Quick Reflection – Blending the Blended

Quick Reflection – Blending the Blended

November 5, 2018 2 By JR

Not my 9x9x25 post this week, but I just read Blending the Blended by ProfLisak, and was about to comment when I thought, ‘hey, I can just blog a quick reflection and hopefully it’ll ping back’. Honestly, I’ve been frustrated with blog commenting systems for a while now. Some require login, some eat my comments, so here…I’m reclaiming commenting.


One of those terms that gets thrown around in education quite a bit is blended learning. It comes an an overwhelming varieties of course design and there are so many related terms (e.g. hybrid learning) that one can get lost in the literature quite quickly. I like the breakdown that ProfLisak provides in their post of their approach to what EDUCAUSE refers to as HyFlex. I’m surprised to see the date of the CC license as 2010 because until today I’d never heard that term.

What I had encountered before was a similar concept from University of Victoria’s very own Dr. Valerie Irvine. In 2012 (ish) I attended a plenary session of hers here at the UofS during a conference known as TLT (teaching and learning with technology). There she presented the concept of multi-access models for learning.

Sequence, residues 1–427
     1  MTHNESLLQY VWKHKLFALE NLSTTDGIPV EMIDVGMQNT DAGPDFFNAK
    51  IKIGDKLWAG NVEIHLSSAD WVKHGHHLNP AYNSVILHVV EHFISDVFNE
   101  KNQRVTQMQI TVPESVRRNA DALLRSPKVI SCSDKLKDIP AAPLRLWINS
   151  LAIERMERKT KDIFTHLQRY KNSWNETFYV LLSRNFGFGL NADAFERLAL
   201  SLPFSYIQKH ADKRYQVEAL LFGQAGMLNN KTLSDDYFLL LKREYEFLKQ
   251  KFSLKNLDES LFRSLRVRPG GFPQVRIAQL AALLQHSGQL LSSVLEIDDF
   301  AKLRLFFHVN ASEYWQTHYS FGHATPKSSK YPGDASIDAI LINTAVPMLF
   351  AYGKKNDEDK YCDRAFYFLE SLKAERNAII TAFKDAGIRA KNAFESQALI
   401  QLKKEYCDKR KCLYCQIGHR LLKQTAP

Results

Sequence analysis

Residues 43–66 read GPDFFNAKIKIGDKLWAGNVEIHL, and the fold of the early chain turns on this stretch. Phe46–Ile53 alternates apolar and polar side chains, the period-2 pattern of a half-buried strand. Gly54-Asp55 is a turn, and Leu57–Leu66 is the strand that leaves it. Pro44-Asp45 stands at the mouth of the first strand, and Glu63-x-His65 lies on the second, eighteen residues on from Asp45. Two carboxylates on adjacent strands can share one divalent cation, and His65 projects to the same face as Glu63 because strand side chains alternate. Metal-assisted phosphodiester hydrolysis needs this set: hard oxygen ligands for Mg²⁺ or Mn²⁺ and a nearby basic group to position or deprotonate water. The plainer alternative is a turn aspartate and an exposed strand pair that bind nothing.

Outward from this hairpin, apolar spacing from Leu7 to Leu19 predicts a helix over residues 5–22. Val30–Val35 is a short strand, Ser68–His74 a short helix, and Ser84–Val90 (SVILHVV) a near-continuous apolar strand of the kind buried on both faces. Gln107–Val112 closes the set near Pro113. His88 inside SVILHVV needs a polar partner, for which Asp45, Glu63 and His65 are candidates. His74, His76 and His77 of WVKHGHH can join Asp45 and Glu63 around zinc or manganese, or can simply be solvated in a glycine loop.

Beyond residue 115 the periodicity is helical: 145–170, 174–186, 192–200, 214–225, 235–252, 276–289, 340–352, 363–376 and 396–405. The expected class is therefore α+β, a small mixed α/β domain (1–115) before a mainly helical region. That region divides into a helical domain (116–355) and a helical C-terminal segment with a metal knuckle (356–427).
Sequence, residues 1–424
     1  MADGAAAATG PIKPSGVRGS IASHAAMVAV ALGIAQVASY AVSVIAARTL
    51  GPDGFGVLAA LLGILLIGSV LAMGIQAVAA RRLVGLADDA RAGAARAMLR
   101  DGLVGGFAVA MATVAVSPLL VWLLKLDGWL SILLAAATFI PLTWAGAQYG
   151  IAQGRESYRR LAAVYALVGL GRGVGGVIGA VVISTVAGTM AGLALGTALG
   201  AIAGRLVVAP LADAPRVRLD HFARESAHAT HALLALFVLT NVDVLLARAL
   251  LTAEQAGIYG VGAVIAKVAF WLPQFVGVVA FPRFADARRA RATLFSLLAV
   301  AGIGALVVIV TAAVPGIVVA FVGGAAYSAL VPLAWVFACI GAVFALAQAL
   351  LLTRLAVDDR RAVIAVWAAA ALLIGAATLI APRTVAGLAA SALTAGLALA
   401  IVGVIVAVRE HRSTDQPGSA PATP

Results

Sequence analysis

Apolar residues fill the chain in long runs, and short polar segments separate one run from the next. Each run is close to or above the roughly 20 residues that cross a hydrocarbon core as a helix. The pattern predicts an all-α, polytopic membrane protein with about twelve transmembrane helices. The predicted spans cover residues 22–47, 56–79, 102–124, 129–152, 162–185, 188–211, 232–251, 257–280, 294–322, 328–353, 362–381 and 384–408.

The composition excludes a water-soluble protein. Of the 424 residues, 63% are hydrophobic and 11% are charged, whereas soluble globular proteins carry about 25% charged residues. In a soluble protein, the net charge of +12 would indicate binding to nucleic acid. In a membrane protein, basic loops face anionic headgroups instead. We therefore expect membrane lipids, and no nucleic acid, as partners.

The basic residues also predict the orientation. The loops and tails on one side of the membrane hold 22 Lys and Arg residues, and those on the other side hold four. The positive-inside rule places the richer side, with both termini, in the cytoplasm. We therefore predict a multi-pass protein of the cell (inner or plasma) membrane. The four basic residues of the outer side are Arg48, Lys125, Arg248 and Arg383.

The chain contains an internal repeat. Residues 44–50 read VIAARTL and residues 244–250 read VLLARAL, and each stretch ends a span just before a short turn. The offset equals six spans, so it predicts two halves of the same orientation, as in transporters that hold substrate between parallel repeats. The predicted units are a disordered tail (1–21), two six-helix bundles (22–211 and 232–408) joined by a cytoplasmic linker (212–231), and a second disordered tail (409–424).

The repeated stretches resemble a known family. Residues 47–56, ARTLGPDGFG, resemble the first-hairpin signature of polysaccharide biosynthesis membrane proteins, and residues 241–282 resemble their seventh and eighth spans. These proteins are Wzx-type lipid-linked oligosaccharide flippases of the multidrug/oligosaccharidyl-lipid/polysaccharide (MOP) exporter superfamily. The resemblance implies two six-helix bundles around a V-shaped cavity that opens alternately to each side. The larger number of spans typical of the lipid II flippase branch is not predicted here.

Table 1. Matrix of learner access by course delivery mode by Irvine, Code, and Richards was published at JOLT and is used here under a CC-BY-NC-SA 3.0 License.

Since seeing that presentation, and many others by Valerie and reading her work on the subject, I have been fascinated by the idea of designing courses with this kind of accessibility in mind. I had an opportunity on one project where a version of this model would have worked. We began the planning and development, but unfortunately I didn’t get to see that one through as I changed jobs in the middle of the project. I am still searching for examples of different course designs that are framed as multi-access. Do you know of any?


Feature Image: Figure 1. Tiers of the multi-access framework by Irvine, Code, and Richards was published at JOLT and is used here under a CC-BY-NC-SA 3.0 License.